The third factor asks whether Dee was abused. Nothing in the record suggests that Charles abused Dee; in fact, that thought is laughable on this record. But, again, the absence of this factor is neutral.720

The fourth factor is whether Dee knew or had reason to know of the items giving rise to the deficiency at issue. As the Court has already noted in its analysis of § 6015(b)(1)(C), she did not.721 As found previously, Dee relied entirely on Charles to handle all tax and business matters throughout their marriage,722 and was completely unaware of the workings of the offshore system Charles established.723 Thus, this factor weighs in Dee's favor.724

The fifth factor asks whether the non-requesting spouse (here Charles) has a legal obligation pursuant to a divorce decree or agreement to pay the outstanding liability. The tax court has noted in the case of a widowed spouse that "[c]ustomarily we find that this factor is neutral if it does not weigh in favor of relief."725 Since Charles and Dee never divorced, but Dee is Charles' widow, this factor is neutral as to Dee.

The sixth factor is whether the requesting spouse significantly benefitted from the unpaid income tax liability or understatement. As previously found, this factor weighs in favor of relief for Dee.726

The seventh factor inquires whether the liability for which relief is sought is solely attributable to the non-requesting spouse. This factor does not appear in the most recent version of the Revenue Procedures Factors, and in any case was already analyzed by the Court in its discussion of 26 U.S.C. § 6015(b)(1)(B). As previously found, this factor weighs in favor of relief for Dee, but as this factor does not appear in the most current listing of Revenue Procedures Factors and is not analyzed as a Revenue Procedures Factor by those tax courts interpreting the most recent procedures, the Court will not weigh this factor in Dee's favor.727

The eighth factor weighs against relief if the requesting spouse has not made a good faith effort to comply with the income tax laws in the taxable years following the taxable years to which the request for relief relates. This factor weighs against Dee, as there is no evidence in the record indicating that she has "changed course" from the positions that Charles and she took on their joint returns since he passed away. For example, Dee's tax returns in 2012 and 2013 still continue to indicate that she is not the grantor of a foreign trust.728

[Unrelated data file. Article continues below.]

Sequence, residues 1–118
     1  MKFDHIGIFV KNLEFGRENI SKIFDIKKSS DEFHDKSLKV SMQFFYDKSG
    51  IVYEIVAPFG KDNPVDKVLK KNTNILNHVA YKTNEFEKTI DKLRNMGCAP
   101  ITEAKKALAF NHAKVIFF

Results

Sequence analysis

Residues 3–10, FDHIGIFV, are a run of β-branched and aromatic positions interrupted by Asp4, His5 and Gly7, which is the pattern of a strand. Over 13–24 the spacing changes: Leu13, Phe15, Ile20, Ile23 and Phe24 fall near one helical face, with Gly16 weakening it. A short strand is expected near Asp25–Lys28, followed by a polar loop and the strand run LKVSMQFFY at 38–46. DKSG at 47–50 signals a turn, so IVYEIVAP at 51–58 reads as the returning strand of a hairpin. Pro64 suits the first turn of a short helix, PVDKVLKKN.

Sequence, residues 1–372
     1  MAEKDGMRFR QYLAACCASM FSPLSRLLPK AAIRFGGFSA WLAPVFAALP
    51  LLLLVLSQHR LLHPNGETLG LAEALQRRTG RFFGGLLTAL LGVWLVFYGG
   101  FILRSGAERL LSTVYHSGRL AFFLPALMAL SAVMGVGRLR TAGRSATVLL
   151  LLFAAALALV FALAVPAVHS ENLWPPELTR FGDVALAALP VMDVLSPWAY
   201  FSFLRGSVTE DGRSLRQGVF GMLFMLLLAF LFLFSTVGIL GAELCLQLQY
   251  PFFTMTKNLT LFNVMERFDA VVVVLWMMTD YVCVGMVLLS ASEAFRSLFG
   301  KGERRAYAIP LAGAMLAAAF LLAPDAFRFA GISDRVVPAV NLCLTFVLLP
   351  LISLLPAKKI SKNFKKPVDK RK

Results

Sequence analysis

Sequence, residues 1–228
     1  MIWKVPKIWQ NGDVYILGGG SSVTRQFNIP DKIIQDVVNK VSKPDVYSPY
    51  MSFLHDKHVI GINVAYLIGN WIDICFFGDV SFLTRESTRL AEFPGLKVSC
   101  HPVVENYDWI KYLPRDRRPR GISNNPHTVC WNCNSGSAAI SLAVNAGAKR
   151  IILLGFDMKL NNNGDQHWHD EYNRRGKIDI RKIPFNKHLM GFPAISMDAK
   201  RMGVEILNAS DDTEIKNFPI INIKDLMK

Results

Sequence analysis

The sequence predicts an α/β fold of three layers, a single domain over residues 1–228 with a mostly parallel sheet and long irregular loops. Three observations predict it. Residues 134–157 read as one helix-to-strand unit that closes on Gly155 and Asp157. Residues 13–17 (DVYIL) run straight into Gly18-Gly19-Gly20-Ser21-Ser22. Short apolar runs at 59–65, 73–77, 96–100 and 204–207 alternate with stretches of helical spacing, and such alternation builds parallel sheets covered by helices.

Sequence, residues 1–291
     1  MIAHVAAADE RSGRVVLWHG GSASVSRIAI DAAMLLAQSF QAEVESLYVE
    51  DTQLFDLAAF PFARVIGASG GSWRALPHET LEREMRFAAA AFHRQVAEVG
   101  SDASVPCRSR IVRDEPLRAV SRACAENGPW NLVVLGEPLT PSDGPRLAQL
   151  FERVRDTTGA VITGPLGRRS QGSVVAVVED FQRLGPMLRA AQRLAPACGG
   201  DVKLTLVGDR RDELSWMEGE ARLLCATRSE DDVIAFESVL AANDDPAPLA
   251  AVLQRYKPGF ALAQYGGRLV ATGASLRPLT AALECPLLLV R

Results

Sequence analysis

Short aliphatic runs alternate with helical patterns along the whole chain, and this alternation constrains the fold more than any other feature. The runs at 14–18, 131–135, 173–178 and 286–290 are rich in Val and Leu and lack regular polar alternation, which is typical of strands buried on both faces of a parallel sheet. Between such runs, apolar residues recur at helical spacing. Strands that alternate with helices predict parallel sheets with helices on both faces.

Finally, the ninth factor asks whether Dee is in poor mental or physical health or was in poor mental or physical health at the time the returns were filed. There is no evidence that Dee is — or over the time period at issue ever was — in poor mental or physical health. Thus, according to the tax court and the Revenue Procedures, this factor is neutral as to Dee.729

After carefully considering all possible factors identified by the courts or the Revenue Procedures, and after carefully considering "all the facts and circumstances" as § 6015(b)(1)(D) instructs it to do,730 the Court has only found one factor that weighs against Dee's request for innocent spouse relief. The other factors are either neutral or weigh decidedly in her favor. Significantly, the two most important factors, as identified by either the Fifth Circuit or the tax court, weigh decidedly in her favor. Dee experienced no meaningful change to her lifestyle as a result of the tax fraud at issue here, and this tax fraud was entirely attributable to Charles. These two facts go to the heart of the two factors that courts have considered to be the most important in assessing whether it is inequitable to hold the requesting spouse liable. The one lesser factor that weighs against Dee — compliance with tax laws after the years for which relief is sought — is also mitigated by the particular circumstances of her Case. Dee's credible testimony at trial was that even after Charles' death, she continued to rely on the Wyly family office to prepare her tax returns and to handle her finances, and that she has never had any reason to suspect that the Wyly family office was deficient in their duties.731 While Dee's lack of knowledge regarding her tax responsibilities is not commendable, her lack of knowledge also means that any noncompliance with tax laws on her part is unintentional. Thus, having carefully weighed all of the facts and circumstances, the Court finds that the fourth element of § 6015(b) is satisfied, as it would be inequitable to hold Dee liable for the deficiency in tax at issue here.